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In my retirement accounts, I have lazy portfolios consisting of a few index fund ETFs that my broker offers commission-free trades on. I would like to rebalance these funds not only to keep my portfolio in line with my desired risk, but to take advantage of the upswings and downswings of the market (buy a fund as it dips, sell it as it rises).

Most of the advice about rebalancing suggests that you should not do it too often for one of two reasons:

  1. You pay trading fees each time that eat into your profit.
  2. Selling a stock creates income, which generates taxes.

However, neither of these applies to these accounts. Given that, are there other reasons (other than the value of my time) that I should rebalance, say, quarterly instead of daily or weekly?

  • Depends on the exact conditions of the commission free trades, but you will generally still pay the spread on the ETF every trade which adds up fast if you are doing this daily/weekly. – Philip May 8 '18 at 15:33
  • The only other considerations might be a broker limitation on trade frequency and the size of the B/A spread on your ETFs. If these and commissions and taxes are not a consideration then by all means, have a go at it and adjust the allocation whenever it gets outside of your comfort zone. – Bob Baerker May 8 '18 at 15:40
  • It looks like in my particular case (Schwab), commission-free ETFs don't have any restrictions on how frequently you trade them, but I'll leave that out of the question since I think the more general question is more useful. – Xiong Chiamiov May 8 '18 at 22:41
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A number of funds and/or broker/services charge a fee for short term holdings, typically short term is 90 days or less and it's typically referred to as a "short term redemption fee."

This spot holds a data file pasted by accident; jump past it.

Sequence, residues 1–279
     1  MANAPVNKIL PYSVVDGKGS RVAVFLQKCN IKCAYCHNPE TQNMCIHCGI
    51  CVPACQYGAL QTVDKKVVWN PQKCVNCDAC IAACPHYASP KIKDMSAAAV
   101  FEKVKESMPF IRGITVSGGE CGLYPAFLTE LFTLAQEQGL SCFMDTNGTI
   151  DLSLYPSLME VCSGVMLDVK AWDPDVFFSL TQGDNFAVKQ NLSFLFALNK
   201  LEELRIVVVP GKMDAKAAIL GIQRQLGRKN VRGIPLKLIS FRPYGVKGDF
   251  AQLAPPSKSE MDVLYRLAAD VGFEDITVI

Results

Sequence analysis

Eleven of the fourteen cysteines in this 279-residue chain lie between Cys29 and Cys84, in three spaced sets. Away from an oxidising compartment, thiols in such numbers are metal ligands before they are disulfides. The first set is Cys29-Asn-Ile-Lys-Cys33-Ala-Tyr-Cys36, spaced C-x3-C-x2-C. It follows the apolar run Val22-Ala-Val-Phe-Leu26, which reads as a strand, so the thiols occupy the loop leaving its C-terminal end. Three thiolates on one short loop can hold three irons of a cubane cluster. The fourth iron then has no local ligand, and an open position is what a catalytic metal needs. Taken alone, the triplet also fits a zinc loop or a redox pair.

Either the broker/service may charge the fee, or the fund may charge a fee, or both may charge the fee.

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Just a few things that come to mind:

  • Many mutual funds or brokers have some sort of short-term trading restrictions or fees, to try to avoid the transaction costs to the fund from needing to handle a lot of transactions. You'll want to ensure that you're not running afoul of any of these.
  • For ETFs specifically, there's generally a "spread" like with any market, where for instance a security with a "real" value per share of $100.00 may be offered for sale to you at $100.01 and the market would bid $99.99 for a share you wanted to sell. Some ETFs are well-traded with a small spread, but others don't trade very often and have larger spreads. Particularly with some "commission-free trades", it may be that your broker gets some amount of money per trade by giving you slightly worse prices than in the "real" market to varying degrees. It's probably not a deal breaker, but it's worth looking at that whenever you trade there is generally some level of transaction cost, and sometimes it's more hidden than you would expect.
  • It's just probably not really going to matter much in the long run. Unless you're investing in some really volatile stuff (which it doesn't sound like), the percentage change in a quarter from your "ideal" portfolio mix is just not going to be that different from reality. If you insist on checking your portfolio more often, giving yourself a "rebalancing band" ("I'll rebalance if anything is more than X% out of whack") is probably good enough.
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Be aware of 3. that you didn't list:

  1. If you think you can beat the market by 'seeing it come before the others', you are wrong, and you will lose money.

Basically, you will lose money by bad decisions, which in average are unavoidable (you might have a lucky day here and there). That is probably a more significant factor than fees and other cost.

  • I'm talking about broad index funds, so there's not much market beating given that they try to stay as close as possible to the market. The only gain would come from the assumption that these few indexes (things like total US stock, total US bond, and total non-US stock) will eventually trend upwards, and so rebalancing into a fund that has lost value will make money as it eventually rebounds. – Xiong Chiamiov May 10 '18 at 5:34

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